How you might benefit: The bill would extend this temporary benefit for capital expenditures incurred in 2009. PBA previously reported on how the salon industry can take advantage of this provision. Click here to see a detailed example.
- Extension of Enhanced Small Business Expensing
In order to help small businesses quickly recover the cost of certain capital expenses, small business taxpayers may elect to write-off the cost of these expenses in the year of acquisition in lieu of recovering these costs over time through depreciation. Until the end of 2010, small business taxpayers are allowed to write-off up to $125,000 (indexed for inflation) of capital expenditures subject to a phase-out once capital expenditures exceed $500,000 (indexed for inflation).
How you might benefit: Last year, Congress temporarily increased the amount that small businesses could write-off for capital expenditures incurred in 2008 to $250,000 and increased the phase-out threshold for 2008 to $800,000. The bill would extend these temporary increases for capital expenditures incurred in 2009. PBA previously reported on how the salon industry can take advantage of this provision. Click here to see a detailed example.
- 5-Year Carryback of Net Operating Losses for Small Businesses
A net operating loss occurs when a taxpayer's business deductions exceed business income. Under current law, net operating losses (“NOLs”) may be carried back to the two taxable years before the year that the loss arises (the “NOL carryback period”) and carried forward to each of the succeeding twenty taxable years after the year that the loss arises. For 2008, the bill would extend the maximum NOL carryback period from two years to five years for small businesses with gross receipts of $15 million or less.
How you might benefit: The procedure of turning net operating losses into cash is the net operating loss carryback. A carryback is more complicated than a carryover because it involves prior years' tax returns. If a 2008 net operating loss is carried back to 2006, the deduction will decrease the amount of tax due for 2006, and the excess taxes are refunded. The refund puts immediate cash in the hands of the struggling business owner. Unlike a loan, a tax refund does not have to be repaid because it represents an overpayment of tax rather than a liability. In contrast to a carryback, a carryover saves taxes in future years, which does not provide the relief needed immediately. Click here for a more detailed explanation on NOLs.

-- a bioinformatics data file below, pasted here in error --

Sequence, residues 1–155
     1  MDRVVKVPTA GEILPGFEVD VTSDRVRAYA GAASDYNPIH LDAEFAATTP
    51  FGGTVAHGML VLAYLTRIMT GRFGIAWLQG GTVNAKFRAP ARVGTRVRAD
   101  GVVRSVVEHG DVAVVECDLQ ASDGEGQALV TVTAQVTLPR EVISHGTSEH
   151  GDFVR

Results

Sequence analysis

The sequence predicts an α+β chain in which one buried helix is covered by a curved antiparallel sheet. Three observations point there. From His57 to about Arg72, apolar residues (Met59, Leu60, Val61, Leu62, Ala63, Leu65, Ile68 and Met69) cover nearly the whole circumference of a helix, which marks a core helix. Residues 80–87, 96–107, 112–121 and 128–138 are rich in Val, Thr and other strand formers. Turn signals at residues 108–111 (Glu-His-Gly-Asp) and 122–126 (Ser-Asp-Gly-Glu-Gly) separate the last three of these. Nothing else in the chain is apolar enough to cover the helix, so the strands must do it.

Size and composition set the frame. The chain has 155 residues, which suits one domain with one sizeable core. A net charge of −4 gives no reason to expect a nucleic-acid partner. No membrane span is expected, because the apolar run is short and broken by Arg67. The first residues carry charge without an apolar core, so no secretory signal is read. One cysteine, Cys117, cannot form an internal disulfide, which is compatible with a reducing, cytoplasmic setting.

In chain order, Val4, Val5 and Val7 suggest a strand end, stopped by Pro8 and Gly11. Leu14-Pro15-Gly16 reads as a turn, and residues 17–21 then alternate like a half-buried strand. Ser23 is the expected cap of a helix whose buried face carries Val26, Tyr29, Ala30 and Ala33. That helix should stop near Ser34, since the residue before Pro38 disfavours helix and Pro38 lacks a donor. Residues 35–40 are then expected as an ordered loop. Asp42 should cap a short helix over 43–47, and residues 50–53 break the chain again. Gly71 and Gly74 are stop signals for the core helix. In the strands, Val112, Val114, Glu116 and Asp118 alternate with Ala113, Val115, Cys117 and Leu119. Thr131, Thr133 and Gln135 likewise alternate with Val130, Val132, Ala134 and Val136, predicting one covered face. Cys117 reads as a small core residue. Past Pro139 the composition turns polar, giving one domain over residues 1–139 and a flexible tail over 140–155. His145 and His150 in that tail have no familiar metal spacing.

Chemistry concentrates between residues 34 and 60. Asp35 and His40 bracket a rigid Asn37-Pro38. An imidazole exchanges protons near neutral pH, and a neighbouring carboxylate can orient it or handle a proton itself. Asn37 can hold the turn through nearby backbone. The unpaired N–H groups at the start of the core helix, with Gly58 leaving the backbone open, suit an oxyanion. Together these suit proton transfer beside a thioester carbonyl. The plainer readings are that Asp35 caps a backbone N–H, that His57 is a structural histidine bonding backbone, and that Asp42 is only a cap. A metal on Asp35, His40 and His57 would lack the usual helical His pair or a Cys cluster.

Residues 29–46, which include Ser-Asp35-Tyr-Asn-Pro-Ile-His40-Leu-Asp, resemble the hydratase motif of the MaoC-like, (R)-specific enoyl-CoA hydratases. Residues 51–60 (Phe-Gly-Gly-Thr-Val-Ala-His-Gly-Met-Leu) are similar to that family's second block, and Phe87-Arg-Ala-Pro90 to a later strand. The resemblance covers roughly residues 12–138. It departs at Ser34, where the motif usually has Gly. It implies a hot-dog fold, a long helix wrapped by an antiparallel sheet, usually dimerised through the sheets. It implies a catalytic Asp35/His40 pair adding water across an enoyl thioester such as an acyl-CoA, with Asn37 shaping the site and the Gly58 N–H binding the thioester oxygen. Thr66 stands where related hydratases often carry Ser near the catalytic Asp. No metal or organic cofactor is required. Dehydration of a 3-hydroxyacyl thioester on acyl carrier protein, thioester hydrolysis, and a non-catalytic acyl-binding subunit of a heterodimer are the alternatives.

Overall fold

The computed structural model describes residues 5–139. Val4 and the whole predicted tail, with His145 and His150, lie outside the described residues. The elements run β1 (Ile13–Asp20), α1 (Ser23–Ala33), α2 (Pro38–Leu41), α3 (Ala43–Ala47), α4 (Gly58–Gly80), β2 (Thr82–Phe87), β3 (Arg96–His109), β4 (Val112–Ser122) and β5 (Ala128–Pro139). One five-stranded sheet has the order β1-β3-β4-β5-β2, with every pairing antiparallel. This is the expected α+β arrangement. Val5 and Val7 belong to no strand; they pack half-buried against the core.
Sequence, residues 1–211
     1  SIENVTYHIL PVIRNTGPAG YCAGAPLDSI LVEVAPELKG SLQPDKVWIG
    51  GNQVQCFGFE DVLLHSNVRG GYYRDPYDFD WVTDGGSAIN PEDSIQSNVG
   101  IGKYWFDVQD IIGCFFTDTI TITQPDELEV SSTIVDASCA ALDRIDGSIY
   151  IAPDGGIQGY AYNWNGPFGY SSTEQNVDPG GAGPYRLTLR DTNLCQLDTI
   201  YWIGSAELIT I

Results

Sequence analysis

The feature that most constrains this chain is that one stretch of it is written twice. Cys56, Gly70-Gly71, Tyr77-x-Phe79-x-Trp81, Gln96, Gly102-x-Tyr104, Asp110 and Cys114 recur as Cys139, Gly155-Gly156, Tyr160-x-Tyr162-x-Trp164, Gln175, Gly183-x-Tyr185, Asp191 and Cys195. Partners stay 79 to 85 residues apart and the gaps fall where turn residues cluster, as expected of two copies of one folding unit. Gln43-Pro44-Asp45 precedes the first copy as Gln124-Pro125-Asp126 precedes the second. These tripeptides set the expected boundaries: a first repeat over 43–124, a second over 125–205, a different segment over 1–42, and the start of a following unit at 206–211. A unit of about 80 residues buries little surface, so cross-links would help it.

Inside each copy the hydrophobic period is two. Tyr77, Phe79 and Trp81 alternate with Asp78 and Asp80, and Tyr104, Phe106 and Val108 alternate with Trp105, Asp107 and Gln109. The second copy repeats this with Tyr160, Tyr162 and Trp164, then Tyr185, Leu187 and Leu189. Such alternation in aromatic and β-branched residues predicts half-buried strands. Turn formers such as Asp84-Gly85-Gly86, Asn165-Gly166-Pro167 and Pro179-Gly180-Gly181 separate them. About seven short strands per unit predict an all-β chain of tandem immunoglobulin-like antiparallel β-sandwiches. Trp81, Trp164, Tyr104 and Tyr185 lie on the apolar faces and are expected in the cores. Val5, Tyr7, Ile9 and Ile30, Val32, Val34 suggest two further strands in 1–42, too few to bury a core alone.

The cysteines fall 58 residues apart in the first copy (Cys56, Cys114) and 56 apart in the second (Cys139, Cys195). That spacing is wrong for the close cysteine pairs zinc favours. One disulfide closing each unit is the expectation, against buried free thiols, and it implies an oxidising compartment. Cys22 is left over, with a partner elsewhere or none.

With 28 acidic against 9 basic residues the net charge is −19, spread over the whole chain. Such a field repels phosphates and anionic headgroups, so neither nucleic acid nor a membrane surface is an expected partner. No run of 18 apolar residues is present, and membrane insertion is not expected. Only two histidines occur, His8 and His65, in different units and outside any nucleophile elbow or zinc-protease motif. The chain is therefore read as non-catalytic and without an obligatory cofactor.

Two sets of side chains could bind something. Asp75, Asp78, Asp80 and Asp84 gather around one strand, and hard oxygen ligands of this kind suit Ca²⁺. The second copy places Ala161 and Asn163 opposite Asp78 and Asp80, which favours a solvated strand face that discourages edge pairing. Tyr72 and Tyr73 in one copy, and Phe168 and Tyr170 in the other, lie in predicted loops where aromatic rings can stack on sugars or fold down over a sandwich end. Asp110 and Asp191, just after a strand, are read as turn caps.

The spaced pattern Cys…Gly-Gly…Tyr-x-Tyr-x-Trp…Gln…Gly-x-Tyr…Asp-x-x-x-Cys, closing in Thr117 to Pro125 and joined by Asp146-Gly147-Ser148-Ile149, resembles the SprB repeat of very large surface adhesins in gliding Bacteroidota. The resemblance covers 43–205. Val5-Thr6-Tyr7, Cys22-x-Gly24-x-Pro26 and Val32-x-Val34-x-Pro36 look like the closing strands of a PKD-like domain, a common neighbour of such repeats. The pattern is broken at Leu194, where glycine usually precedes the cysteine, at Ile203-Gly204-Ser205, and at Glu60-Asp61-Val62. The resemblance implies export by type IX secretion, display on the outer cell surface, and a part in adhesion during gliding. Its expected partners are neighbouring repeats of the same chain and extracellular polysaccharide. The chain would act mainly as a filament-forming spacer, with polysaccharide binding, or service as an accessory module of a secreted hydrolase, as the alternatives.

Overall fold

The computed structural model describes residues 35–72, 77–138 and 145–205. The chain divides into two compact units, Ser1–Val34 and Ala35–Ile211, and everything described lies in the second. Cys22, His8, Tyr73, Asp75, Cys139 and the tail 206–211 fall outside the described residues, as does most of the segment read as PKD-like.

- Temporary Small Business Estimated Tax Payment Relief
The bill reduces the 2009 required estimated tax payments for certain small businesses.
Under present law, the income tax system is designed to ensure that taxpayers pay taxes throughout the year based on their income and deductions. To the extent that tax is not collected through withholding, taxpayers are required to make quarterly estimated payments of tax. The required annual payment is the lesser of 90% of the tax shown on the return or 100% of the tax shown on the return for the prior taxable year (110% if the adjusted gross income for the preceding year exceeded $150,000).
How you might benefit: This bill provides that the required annual estimated tax payments (of a qualified individuals) for taxable years beginning in 2009 is not greater than 90 % of the tax liability shown on the tax return for the preceding year.
- Incentives to Hire Unemployed Veterans and Disconnected Youth
Under current law, businesses are allowed to claim a work opportunity tax credit equal to 40 percent of the first $6,000 of wages paid to employees of one of nine targeted groups. The bill would create two new targeted groups of prospective employees: (1) unemployed veterans; and (2) disconnected youth.
How you might benefit: An individual would qualify as an unemployed veteran if they were discharged or released from active duty from the Armed Forces during the five-year period prior to hiring and received unemployment compensation for more than four weeks during the year before being hired. An individual qualifies as a disconnected youth if they are between the ages of 16 and 25 and have not been regularly employed or attended school in the past 6 months. The credit is available to an employer for qualified wages paid to members of all targeted groups. Click here to learn more.
For a more detailed summary of business tax breaks included in the Stimulus bill, please contact Sam Leyvas, PBA's director of government affairs, at 800.468.2274 x3437 or firstname.lastname@example.org.